Museum of Northern California Art
By Claudia Mosby
Museum MobileDecember 2015
Photos: Paula Schultz
Sometimes an unlikely collaboration results in a creative outcome. Such was the case when former Butte County supervisors Jane Dolan and Maureen Kirk invited Enloe Hospital staffer Trudy Duisenberg to look at an empty building they thought the hospital might want to occupy.
Duisenberg brought along friend Pat Macias, former director of Chico’s 1078 Gallery, who knew art collector Reed Applegate in what turned into sort of a “six degrees of separation” success story. Thus, the Museum of Northern California Art—or “monca”—was born.
Realizing it would take time to raise the needed $500,000 in capital (the nonprofit expects to begin renovations next year), Macias knew monca had to begin “acting like a museum,” so it started the Driving Docents program.
“We bought a used yellow school bus—one of the smaller ones—at a garage sale and now take our program into third-grade classrooms,” she says. Many of the docents are former teachers and the museum-on-wheels is aligning its program with Common Core standards.
“We take in a piece of artwork that we have created a lesson plan around,” says Macias, “talk about the art, the artist, and teach kids the difference between a museum and a gallery.”
A recent lesson, “From Realism to Abstraction,” featured the work of blind artist Richard Hornaday. Docents used related vocabulary (line, shape, color, etc.) during the lesson and then had students work in teams; one blindfolded student created art within a mat area from supplies chosen by a second student before the two switched roles.
“We then had students describe their artwork using two of the words discussed during the lesson,” says Macias. “Students just love it.” Monca operates a second program for high school students called “Lunch with an Artist.”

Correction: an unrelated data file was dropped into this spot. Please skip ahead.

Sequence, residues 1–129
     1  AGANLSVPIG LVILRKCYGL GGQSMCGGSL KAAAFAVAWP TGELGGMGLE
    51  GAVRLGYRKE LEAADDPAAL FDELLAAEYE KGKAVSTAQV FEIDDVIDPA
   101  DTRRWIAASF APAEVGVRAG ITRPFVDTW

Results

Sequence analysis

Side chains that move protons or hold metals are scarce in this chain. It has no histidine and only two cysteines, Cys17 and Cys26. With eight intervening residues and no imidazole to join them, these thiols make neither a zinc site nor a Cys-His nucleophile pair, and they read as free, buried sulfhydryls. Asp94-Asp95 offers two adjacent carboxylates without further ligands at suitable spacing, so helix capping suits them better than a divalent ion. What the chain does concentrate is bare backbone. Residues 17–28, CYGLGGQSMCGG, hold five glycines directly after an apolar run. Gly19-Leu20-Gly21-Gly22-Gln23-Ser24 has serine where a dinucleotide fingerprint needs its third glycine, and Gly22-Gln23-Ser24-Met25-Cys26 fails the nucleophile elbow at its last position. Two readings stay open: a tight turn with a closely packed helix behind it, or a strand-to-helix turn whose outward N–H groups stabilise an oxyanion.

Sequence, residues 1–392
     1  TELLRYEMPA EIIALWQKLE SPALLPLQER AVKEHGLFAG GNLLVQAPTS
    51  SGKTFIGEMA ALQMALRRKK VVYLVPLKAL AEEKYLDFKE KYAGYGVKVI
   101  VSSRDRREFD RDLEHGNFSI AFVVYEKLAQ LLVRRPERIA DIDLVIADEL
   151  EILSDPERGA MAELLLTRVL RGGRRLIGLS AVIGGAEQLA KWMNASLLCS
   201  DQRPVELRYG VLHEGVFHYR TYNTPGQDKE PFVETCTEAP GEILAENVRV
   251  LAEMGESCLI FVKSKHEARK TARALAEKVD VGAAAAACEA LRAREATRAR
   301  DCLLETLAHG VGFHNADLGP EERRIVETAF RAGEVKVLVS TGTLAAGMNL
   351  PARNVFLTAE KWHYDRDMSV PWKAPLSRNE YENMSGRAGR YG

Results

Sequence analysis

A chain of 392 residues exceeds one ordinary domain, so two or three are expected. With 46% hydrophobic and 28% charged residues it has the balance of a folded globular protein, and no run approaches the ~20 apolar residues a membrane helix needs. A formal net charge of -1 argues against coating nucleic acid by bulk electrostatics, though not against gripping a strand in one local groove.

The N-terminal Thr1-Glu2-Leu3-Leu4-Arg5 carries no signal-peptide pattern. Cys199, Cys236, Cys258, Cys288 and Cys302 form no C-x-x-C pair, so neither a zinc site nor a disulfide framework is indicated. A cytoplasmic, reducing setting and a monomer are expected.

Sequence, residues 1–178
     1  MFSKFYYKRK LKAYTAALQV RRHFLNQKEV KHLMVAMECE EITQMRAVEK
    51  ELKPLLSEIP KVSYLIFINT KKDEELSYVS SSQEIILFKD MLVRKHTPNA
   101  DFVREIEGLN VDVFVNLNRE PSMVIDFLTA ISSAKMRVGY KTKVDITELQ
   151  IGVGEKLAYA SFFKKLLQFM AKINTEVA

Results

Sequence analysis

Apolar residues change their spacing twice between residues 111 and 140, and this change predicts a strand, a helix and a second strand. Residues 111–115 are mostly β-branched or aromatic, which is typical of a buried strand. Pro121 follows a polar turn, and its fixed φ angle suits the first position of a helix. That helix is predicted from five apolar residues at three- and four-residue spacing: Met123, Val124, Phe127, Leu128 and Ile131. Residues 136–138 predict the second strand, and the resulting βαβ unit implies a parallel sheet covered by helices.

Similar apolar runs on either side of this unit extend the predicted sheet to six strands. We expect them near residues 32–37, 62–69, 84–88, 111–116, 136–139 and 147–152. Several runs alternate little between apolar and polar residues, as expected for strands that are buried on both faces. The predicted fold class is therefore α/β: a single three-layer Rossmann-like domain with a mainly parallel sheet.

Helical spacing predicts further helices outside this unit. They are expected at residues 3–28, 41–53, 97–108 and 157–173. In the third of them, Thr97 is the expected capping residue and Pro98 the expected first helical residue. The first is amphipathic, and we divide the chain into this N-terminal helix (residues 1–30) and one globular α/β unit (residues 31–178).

“We ask each high school to choose two art students in the fall and in the spring,” adds Macias. “We take them to the studio where they get to work with the artist, enjoy a catered lunch and leave with a sketchpad and quality markers.” Instituted when monca received a grant through the City of Chico, Macias hopes to secure funding to continue the program.
The organization also hosts “pop-up museums,” occupying empty retail space to create month-long exhibits. The inaugural event was all about the permanent collection. “We've held pop-ups on Veterans, Art & Technology and more recently on Engaging Challenged Communities, which was all about how the museum will address autism, blindness and mental challenges,” Macias says. “We see ourselves as being inclusive for the whole community, a place we want everyone to be able to access.”
Built in 1927, the building needs some upgrades, including an ADA-compliant access ramp that Macias estimates will cost $150,000. “We are not doing major things,” she says. “We love the inside—it’s beautiful. The foyer is all Terrazzo marble and has a vaulted ceiling. We will redo the floors but mostly it just needs some loving care.”
The permanent collection will come from Applegate’s private supply, artwork from Northern California artists like Robert Arneson, Nathan Oliveira, Roy DeForest, Wayne Tiebaud, Jenny Robinson and Janet Turner, two- and three-dimensional works that he has been amassing since the 1960s. Mediums include printmaking, photography, drawing and ceramics.